Updated: Jul 20, 2022
Grant writing takes as much imagination as it does skill. After all, turning your vision into a reality requires some creativity, and it can mean securing a great financial opportunity for your non-profit when done well. In fact, foundation giving amounted to $75 billion in 2019, illustrating how non-profits that are willing to present their cases can get the funding they need.
Grant writing may not have an exact formula, but there are definitely some steps you can take to improve your productivity to ensure your organization’s grant applications are a cut above the rest.
Here are some productivity mistakes you should avoid to stay productive during the grant writing process:
Multitasking Multitasking seems like a necessary skill that every grant writer should have given every detail they need to consider when drafting up a proposal. However, focusing on several things at once can actually have the opposite effect and cause your brain to work harder than it needs to. To be more productive for grant writing, focus on one task at a time. Ensure your draft remains focused all throughout by avoiding working with your email or other drafts open. It also helps to avoid multitasking on different sections in your grant proposal itself. Start by defining the 5 Ws and 1 H, making sure there is a distinction between who, what, when in your grant proposal before adding more detail and context with why and how.
Not Setting Productivity Periods Writers need a certain degree of flexibility to do their jobs effectively, and grant writers are no exception. These professionals have more freedom today while working from home, but this can be a double-edged sword depending on how one uses this flexibility. It’s crucial to explore and maximize your productivity periods, but the first step is to determine when you write best, first. Take some time to observe your working patterns, making sure to note when it is easiest for you to write and when it becomes more difficult to churn out ideas. It also helps to rearrange your to-do list based on your productivity periods, starting with simpler tasks to warm up to more complicated ones later on in the day. For instance, you can start with developing the concept for your draft by gathering and formatting information. Then, when you reach your productivity's peak hours, you can delve deeper into clarifying opportunities and needs, studying RFPs, and discussing strategies to build your grant writeup.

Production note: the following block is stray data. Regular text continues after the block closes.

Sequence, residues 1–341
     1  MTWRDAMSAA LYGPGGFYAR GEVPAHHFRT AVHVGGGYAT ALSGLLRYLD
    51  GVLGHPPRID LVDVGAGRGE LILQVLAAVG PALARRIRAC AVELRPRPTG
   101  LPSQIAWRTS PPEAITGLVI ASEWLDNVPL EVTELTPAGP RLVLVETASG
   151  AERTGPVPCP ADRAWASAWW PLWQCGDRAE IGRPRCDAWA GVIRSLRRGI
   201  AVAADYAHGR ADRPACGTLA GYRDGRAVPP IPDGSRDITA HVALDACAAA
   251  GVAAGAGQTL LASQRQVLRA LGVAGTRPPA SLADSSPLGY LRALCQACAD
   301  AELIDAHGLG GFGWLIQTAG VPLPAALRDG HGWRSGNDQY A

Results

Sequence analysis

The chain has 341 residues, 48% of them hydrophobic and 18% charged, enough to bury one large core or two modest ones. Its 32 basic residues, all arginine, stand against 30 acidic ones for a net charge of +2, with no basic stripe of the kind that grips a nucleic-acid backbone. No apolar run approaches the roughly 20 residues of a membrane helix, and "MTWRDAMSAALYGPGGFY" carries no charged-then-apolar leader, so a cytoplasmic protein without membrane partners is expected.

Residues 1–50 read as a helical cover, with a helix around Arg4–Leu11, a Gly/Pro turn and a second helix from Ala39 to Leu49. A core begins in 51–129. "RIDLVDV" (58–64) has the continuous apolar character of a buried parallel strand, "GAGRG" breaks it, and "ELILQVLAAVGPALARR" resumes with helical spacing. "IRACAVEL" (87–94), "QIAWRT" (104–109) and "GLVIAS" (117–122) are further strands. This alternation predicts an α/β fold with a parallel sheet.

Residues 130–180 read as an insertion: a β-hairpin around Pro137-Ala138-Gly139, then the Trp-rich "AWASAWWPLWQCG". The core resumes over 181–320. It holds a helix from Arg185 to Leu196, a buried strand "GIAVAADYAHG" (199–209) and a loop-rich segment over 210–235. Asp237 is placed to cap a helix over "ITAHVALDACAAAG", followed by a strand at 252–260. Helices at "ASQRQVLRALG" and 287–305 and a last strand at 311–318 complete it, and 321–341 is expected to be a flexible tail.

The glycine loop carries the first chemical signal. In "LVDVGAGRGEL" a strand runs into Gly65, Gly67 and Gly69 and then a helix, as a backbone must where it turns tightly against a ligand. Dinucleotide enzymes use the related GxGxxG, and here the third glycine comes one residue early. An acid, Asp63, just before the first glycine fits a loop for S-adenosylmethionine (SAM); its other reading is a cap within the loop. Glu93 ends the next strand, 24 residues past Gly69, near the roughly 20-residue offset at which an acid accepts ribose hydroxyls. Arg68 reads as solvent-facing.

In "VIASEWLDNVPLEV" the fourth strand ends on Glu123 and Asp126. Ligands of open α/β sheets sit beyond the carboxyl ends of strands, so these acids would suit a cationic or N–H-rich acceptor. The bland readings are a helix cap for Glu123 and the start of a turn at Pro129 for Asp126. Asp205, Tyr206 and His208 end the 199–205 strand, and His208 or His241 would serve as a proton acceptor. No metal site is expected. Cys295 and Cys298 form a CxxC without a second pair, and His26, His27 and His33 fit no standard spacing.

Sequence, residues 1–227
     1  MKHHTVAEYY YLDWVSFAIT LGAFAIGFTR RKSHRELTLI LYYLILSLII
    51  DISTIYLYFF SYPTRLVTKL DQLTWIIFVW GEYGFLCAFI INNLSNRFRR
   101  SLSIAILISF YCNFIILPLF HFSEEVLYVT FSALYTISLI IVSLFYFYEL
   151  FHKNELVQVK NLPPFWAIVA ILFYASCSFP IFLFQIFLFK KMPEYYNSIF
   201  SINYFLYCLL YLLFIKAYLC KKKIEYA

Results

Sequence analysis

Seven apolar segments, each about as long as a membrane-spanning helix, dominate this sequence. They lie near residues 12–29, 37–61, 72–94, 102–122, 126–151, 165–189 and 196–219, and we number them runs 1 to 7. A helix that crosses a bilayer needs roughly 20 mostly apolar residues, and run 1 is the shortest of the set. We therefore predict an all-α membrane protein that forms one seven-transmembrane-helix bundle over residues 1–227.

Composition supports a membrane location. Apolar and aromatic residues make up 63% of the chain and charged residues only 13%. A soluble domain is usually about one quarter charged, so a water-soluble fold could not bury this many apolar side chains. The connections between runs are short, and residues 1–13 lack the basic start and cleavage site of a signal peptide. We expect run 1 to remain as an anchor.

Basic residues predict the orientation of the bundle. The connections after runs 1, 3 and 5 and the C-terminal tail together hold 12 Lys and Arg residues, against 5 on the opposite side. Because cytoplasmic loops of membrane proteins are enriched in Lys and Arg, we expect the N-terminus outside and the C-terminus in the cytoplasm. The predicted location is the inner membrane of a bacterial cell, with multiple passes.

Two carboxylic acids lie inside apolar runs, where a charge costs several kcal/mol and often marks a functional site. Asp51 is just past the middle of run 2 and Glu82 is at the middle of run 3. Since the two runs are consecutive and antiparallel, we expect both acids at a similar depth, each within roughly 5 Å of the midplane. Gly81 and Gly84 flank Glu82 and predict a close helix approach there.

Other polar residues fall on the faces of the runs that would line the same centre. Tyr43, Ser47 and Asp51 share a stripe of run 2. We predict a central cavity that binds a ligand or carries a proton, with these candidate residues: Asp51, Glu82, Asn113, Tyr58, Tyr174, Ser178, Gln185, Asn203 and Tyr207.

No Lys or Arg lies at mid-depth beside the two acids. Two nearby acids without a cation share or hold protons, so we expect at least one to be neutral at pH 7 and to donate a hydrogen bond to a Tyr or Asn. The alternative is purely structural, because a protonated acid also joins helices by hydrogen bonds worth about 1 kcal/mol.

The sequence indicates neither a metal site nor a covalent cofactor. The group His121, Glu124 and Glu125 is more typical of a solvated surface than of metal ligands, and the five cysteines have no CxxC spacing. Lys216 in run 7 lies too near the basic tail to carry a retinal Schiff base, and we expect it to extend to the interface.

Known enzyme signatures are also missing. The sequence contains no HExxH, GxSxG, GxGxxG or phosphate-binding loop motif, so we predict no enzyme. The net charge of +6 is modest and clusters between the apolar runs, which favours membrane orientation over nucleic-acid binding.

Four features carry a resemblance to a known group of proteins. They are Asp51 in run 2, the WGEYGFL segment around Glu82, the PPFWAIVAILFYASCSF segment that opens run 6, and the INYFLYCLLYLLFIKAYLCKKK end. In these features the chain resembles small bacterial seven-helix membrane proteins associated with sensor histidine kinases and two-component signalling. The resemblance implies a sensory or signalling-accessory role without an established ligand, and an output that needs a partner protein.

There are so many details to include in an effective grant proposal that the tendency to overthink is a natural occurrence for many writers, and it can render them unable to communicate objectives in a grant proposal. Referred to as the Paradox of Choice by psychologist Barry Schwartz, his studies found that more choices can lead to better results along with negative conditions such as anxiety and indecision. This can often manifest in beating around the bush with the ask as writers get caught up in explaining the organization’s history, all the while neglecting other important details of the program and the actual request. Keep it simple and focus on the needs of your organization throughout the proposal.
Finding your rhythm and understanding what keeps you productive is essential to preparing a successful grant proposal. While addressing mistakes relating to multitasking, productivity hours, and overthinking can help you accomplish your tasks, productivity is dependent on so many more factors. However, by being consistent with your efforts, you’ll start to see results in your writing and when the grants you help draft (hopefully!) get approved.
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